More than that, asymmetric encryption allows a better control over the list of parties who have access to the private data as even only one party of the communication has the private key.

Another advantage of public key encryption is that it can be successfully scaled for large collectives of users without compromizing the safety of data. It makes asymmetric encryption a natural choice for big institutions.

One more strong quality of public key encryption is on-repudiation, meaning that the party sending a message cannot deny the fact of sending this message. This feature can play an important role in the event of a court dispute.

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As for the advantages of private key encryption over the public key encryption, the latter type provides a faster and smoother communication than asymmetric encryption. The reason is clear: as the symmetric encryption uses a single key it requires less computational power. It makes it a better choice for real-time encryption. For instance, symmetric encryption is the first choice for the live streaming apps and any real-time data transmission in general.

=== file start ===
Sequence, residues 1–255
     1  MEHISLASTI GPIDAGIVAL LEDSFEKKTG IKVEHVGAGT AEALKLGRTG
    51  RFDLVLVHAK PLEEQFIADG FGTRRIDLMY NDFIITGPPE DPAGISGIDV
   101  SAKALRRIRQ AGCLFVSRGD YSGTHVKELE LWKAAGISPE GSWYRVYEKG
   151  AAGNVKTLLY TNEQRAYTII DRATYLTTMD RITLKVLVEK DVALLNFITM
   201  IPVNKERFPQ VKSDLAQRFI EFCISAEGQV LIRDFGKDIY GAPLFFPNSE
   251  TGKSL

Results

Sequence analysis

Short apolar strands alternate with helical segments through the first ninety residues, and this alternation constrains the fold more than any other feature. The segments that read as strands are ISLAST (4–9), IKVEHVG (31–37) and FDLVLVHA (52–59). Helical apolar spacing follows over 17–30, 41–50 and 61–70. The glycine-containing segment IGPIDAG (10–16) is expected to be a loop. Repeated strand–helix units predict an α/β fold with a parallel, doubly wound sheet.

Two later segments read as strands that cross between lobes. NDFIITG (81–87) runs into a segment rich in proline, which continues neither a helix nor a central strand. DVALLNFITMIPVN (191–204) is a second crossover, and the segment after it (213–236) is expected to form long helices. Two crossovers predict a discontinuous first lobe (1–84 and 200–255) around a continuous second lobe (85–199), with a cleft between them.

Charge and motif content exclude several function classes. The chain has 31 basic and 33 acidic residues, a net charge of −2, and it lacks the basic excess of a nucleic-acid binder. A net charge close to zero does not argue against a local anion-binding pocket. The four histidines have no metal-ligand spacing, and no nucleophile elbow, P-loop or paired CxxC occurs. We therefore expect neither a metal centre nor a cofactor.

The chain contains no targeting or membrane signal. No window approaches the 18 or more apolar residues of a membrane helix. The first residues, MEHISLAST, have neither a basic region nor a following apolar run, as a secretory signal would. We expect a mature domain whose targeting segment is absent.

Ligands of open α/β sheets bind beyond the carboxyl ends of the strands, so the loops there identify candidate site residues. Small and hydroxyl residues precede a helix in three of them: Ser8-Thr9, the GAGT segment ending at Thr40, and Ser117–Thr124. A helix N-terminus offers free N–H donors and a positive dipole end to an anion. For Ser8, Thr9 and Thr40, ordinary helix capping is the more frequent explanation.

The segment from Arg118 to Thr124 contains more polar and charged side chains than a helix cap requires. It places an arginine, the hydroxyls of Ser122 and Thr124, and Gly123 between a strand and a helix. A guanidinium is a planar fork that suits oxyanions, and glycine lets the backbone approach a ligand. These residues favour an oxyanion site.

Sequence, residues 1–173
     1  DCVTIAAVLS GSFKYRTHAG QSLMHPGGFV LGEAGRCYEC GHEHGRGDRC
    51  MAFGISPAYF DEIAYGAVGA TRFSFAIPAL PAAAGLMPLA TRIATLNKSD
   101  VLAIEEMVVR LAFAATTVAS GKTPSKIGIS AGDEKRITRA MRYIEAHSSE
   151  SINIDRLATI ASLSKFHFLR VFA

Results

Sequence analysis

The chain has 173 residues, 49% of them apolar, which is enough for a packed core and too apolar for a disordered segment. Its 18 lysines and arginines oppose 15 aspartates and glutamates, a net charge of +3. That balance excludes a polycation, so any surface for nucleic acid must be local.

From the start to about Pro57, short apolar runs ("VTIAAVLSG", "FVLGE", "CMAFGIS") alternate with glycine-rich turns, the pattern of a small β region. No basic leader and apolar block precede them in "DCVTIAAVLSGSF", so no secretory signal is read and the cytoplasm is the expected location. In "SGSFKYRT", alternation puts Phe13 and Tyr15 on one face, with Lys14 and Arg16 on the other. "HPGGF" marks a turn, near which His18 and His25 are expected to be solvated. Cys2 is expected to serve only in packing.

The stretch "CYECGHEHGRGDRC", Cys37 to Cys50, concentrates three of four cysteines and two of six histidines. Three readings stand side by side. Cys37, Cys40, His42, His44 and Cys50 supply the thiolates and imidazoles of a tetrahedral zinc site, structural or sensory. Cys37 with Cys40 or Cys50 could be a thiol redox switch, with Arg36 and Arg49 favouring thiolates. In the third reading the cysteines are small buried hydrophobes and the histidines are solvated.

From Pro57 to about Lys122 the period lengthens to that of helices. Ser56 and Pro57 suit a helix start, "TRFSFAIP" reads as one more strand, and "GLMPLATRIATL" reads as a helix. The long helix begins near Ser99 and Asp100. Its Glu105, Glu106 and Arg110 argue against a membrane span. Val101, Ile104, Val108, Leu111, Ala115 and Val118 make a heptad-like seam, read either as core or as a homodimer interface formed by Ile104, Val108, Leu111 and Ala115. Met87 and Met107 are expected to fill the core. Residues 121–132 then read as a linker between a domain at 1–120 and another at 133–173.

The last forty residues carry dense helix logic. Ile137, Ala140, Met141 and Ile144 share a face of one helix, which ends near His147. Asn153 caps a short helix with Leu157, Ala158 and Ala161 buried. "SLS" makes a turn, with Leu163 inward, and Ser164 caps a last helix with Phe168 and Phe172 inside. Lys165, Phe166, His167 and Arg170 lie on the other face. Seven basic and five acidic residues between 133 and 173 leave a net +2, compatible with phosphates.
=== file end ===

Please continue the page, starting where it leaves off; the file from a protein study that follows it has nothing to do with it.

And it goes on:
Private key encryption provides a faster data transmission due to computational efficiency. However, public key encryption is superior in terms of security as it doesn’t allow you to decode the data using the key that was used to encode it. It bears the potential for a higher scalability allowing to maintain the data privacy and permitted access in huge institutions.

Nevertheless, both types of encryption provide strong protection of data. The biggest applications, the governmental institutions, corporations – they all rely on private key and public key encryption-based solutions.